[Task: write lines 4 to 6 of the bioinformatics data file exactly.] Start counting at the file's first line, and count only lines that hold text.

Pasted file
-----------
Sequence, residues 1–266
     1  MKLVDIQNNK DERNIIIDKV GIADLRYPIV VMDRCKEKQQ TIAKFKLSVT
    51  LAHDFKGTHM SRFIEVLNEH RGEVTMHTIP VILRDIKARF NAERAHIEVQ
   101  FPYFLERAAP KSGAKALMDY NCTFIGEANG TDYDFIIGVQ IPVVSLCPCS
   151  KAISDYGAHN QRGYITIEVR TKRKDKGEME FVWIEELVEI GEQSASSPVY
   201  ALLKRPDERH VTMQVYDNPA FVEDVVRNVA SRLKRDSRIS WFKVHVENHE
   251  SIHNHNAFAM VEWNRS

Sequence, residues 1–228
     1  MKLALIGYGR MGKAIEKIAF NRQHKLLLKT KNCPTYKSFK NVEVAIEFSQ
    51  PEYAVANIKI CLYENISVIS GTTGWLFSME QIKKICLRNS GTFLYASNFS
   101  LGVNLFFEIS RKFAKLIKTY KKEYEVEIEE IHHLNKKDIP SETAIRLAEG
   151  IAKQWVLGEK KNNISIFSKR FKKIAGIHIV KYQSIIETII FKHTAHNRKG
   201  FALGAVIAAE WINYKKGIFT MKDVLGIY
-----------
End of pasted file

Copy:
   101  FPYFLERAAP KSGAKALMDY NCTFIGEANG TDYDFIIGVQ IPVVSLCPCS
   151  KAISDYGAHN QRGYITIEVR TKRKDKGEME FVWIEELVEI GEQSASSPVY
   201  ALLKRPDERH VTMQVYDNPA FVEDVVRNVA SRLKRDSRIS WFKVHVENHE